Laura Buckman / Bob Daemmrich/Texas Tribune

From The Texas Tribune:

Democratic gubernatorial candidate Wendy Davis accused her Republican opponent Monday of using his power as attorney general to “orchestrate a cover-up” of misspending inside the Texas Enterprise Fund that, according to an audit, handed out taxpayer subsidies to businesses with little oversight.

Ilana Panich-Linsman/KUT

Even after a weekend full of panels and discussion of Texas politics and policy at The Texas Tribune Festival, many political wonks are looking to the main event: January's new legilative session. 

State Senator José Rodríguez, D-El Paso, sat down with Texas Standard host David Brown during the festival to discuss the upcoming legislative agenda, the state's budget surplus, the upcoming election for governor and more.

Blue Rider Press

State Sen. Wendy Davis’ memoir comes out today, though the Democratic gubernatorial candidate’s book has already caused some controversy. In it, she shares the stories of two abortions she had for medical reasons.

Republican Attorney General Greg Abbott’s campaign, however, is focusing on another issue – whether she can promote her book and still abide by Texas campaign finance laws. Abbott’s campaign asked the state’s campaign finance regulator to weigh in Monday.

Marjory Kamys Cotera & Todd Wiseman/Texas Tribune

From The Texas Tribune:

Republican gubernatorial candidate Greg Abbott's campaign manager is requesting a ruling from the Texas Ethics Commission on whether Democratic gubernatorial candidate Wendy Davis' book deal and tour are illegal corporate campaign contributions.

In the three page letter sent Monday morning, Abbott campaign manager Wayne Hamilton argues the book is tied to her campaign. Corporate campaign contributions are illegal in Texas elections.

Texas State Senator and Democratic Lieutenant Governor nominee Leticia Van de Putte released her first two campaign television ads, one in English and one in Spanish this morning.

In “Twice”, Van de Putte calls out Republican Lieutenant Governor nominee Dan Patrick for the cuts to the education system he supported in past budget sessions:

The ad points to Patrick’s 2011 vote to cut more than $5 billion from public education in Texas. The cuts came on the tail end of the Great Recession, which dramatically lowered state tax collections. Patrick has defended his vote, saying the state had to balance the budget and no choice but to cut spending to do it. Van de Putte voted against the cuts in 2011.

Stephen Spillman & Cooper Neill/Texas Tribune

There will be a late September debate after all between gubernatorial hopefuls Greg Abbott and Wendy Davis.

Davis' campaign announced Wednesday that it had agreed to a Sept. 30 debate in Dallas with Abbott, an event that will be sponsored by KERA, NBC5/KXAS-TV, Telemundo 39 and The Dallas Morning News.

Photo courtesy The Texas Tribune for KUT News

Republican candidate Greg Abbott has reversed his decision to appear in the only gubernatorial debate to be broadcast on statewide television. 

Abbot and his Democractic opponent, Wendy Davis, had both agreed to participate in a roundtable debate in Dallas on Sept. 30 broadcast on WFAA.  But Abbott's team reversed an earlier decision and said it will not participate because of disagreements with the round-table format.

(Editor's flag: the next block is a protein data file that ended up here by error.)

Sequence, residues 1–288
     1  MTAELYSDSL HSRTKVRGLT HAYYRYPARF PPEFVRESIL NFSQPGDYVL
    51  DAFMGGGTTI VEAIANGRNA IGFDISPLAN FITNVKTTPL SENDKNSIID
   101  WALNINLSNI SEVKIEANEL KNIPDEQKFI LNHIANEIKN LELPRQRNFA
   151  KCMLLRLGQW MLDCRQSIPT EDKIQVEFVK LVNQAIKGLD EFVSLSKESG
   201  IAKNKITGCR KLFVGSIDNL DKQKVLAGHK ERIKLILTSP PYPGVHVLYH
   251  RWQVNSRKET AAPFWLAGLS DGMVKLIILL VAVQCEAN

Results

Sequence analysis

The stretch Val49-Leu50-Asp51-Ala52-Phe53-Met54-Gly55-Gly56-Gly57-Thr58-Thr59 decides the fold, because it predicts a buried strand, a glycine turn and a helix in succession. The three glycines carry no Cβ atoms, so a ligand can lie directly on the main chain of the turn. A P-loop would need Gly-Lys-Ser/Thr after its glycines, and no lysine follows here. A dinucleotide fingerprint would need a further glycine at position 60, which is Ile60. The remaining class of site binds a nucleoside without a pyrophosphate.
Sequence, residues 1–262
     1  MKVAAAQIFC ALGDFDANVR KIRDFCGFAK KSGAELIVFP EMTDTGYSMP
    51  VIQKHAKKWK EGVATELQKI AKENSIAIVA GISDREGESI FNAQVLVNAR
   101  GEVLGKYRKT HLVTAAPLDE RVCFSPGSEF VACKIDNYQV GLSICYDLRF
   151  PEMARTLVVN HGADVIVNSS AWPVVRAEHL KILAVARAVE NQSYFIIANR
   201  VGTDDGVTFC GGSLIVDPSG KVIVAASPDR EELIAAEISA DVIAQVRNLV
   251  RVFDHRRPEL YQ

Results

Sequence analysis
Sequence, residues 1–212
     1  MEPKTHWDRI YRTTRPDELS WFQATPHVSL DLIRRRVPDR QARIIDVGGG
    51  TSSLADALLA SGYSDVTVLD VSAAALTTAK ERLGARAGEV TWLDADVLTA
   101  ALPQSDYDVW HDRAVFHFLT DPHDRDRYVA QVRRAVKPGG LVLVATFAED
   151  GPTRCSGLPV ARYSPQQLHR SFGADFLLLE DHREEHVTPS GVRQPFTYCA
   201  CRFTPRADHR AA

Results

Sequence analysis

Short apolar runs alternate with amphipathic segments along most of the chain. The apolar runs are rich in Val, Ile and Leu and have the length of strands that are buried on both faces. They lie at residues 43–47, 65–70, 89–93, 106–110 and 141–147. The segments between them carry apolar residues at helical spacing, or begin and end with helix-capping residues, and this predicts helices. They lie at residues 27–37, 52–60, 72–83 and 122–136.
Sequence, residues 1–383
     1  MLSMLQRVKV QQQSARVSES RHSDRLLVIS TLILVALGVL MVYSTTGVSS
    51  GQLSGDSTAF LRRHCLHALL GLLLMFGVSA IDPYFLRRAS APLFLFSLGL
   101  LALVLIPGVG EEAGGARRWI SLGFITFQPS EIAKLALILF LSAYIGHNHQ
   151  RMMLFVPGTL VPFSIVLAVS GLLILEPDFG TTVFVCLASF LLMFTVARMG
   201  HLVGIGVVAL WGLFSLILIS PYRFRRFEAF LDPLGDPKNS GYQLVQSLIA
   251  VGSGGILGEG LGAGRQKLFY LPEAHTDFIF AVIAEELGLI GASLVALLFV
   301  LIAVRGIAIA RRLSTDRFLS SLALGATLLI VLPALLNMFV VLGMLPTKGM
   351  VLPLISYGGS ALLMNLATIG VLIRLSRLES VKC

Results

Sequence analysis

Emily Ramshaw, editor of the Texas Tribune, joins Texas Standard host David Brown to discuss Abbott's decision and whether the 2016 presidential election speculations are over-shadowing the Texas governor's race.  

Marjorie Kamys Cotera, Texas Tribune

Attorney General Greg Abbott’s office filed a brief on Monday arguing that Texas’ ban on same-sex marriage is constitutionally sound and a matter for voters, not courts, to decide. 

The brief was filed with the 5th U.S. Circuit Court of Appeals, where the state is appealing a state district court judge’s February ruling that the ban is unconstitutional. The case pits two same-sex couples against Gov. Rick Perry, state Health Commissioner David Lakey and Abbott, who is also the Republican nominee for governor.


The latest campaign finance numbers are trickling in, and it looks like gubernatorial candidates Greg Abbott and Wendy Davis are neck-and-neck in fundraising. At the end of the reporting period that ended on June 30, both drummed up about $11 million in the weeks following the May primaries, but Abbott's stockpile of campaign cash could give him the leg up come November.

Lynn Romero for KUT News

Yesterday, Republican candidate for Texas Governor Greg Abbott released a proposal to improve early childhood education in Texas.

During a press conference, Abbott said expanding state-funded pre-kindergarten programs without addressing the quality of instruction “would be an act of negligence and waste.”

Today, educators from groups endorsing Democratic gubernatorial candidate Wendy Davis gathered in front of north Austin's Lucy Read Pre-kindergarten School to say that expanding pre-k is "not a waste."

Photo courtesy Texas Attorney General

Republican candidate for Texas Governor Greg Abbott says he would not sign a bill that would make it easier for women to bring equal pay discrimination suits.

It's the latest development in an emerging debate over equal pay between Democrats and Republicans.

Abbott has refused multiple times to talk about the Lily Ledbetter Act. Democrats began attacking him on the issue last week, when he refused in a televised interview to say whether he’d sign an equal pay law if elected. Last year, Gov. Rick Perry vetoed a similar bill.